Why are Charging Orders Relevant?
Usually, charging orders come up in the context of an unsecured debt. In my practice, where I do a lot of work on loans secured by commercial real estate loans, charging orders often come up when evaluating the value of guarantees. Many times the guarantors’ main assets are membership interests in limited liability companies (“LLCs”), where the LLCs own other pieces of real estate. Generally, the guarantors have very little in the way of liquid assets. The question then becomes: If the Bank has to call on the guaranty (for example, because the debtor built the extravagant building above, but couldn’t find any tenants), how can the Bank get its hands on these real estate or force the sale of the real estate and take the proceeds? The answer is: It can’t. The Bank would have very little rights if the real estate assets are held by an Ohio LLC. This is where charging orders come into play.
What are Charging Orders?
A charging order is the name used to identify the rights of an unsecured creditor (after it has obtained a judgement against a debtor) with respect to the debtor’s membership interest in an LLC. Ohio Revised Code Section 1705.19 provides that a creditor may charge the membership interest of the debtor/member. Charging the membership interest gives the creditor the right of an assignee. Under Ohio Revised Code Section 1705.18, an assignee does not obtain any of the rights of the member, except the right to receive distributions and allocations of profit and loss. Therefore, the creditor has no right to control the management of the LLC. It cannot cause the LLC to sell the property and distribute the proceeds. In fact, even if the LLC is profitable, the judgement creditor cannot force the LLC to make a distribution. The member can cause the LLC to simply retain all profits so that the creditor gets nothing!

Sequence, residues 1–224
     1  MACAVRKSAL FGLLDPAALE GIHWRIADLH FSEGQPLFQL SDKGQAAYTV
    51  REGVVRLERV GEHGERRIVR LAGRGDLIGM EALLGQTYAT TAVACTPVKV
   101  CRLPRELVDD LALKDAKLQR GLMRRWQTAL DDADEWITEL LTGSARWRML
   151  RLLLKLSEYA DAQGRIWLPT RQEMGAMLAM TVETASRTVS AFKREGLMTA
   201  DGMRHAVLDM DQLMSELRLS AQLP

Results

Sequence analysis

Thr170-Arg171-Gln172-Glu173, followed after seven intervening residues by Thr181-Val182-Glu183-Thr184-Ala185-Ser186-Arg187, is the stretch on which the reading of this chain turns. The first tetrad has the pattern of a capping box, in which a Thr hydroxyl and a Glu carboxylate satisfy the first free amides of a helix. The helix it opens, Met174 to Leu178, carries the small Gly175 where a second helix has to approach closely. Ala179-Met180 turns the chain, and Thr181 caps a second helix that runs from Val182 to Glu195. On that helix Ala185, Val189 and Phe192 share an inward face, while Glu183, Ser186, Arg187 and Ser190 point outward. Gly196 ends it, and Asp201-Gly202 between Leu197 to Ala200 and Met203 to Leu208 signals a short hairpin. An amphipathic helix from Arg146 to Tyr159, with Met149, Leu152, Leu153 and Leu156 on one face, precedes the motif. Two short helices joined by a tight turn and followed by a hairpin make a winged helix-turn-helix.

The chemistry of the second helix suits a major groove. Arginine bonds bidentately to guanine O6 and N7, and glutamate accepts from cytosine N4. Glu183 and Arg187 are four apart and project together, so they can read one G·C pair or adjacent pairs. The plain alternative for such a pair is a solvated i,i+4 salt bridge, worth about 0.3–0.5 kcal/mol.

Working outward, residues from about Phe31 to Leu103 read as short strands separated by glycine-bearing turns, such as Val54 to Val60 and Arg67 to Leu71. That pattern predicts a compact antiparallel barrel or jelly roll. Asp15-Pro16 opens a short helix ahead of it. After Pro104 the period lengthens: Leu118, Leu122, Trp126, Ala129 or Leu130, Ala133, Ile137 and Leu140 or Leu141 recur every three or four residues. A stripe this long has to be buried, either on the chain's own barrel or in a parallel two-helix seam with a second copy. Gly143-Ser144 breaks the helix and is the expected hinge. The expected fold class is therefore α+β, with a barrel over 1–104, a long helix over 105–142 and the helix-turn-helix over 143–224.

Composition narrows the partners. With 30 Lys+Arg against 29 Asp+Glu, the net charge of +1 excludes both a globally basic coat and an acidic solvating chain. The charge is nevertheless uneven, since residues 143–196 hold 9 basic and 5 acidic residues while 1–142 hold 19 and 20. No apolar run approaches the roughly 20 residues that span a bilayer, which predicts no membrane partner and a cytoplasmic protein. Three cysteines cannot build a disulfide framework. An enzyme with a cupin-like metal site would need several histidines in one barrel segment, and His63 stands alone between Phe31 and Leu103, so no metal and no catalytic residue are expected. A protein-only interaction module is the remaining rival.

What about a Single-Member LLC?
Oddly enough, Ohio’s laws do not distinguish between a single-member LLC and a multiple-member LLC.
Ohio’s laws with respect to charging orders make perfect sense for multiple-member LLCs. If one member has a creditor that obtains a judgement, why should that effect how the LLC is ran? Why should that one member’s creditor (when there may be many other members) be able to force the sale of the property?
That perfect sense, though, is thrown out the window with a single-member LLC. If the sole owner of an LLC has a creditor that it owes money too, why shouldn’t that creditor be able to force the sale of the LLC’s property? The only difference between this scenario and one where the creditor owns the property himself/herself is that the debtor happened to form an LLC and put the property in that.
The only reason that I can think of as to why the law is this way is to get people to form their LLCs in Ohio. It is in Ohio’s best interest to have business-favorable laws to attract businesses.
Also, Banks haven’t made a big enough stink to get the legislators to look at this law and evaluate its effects. But, perhaps they should!
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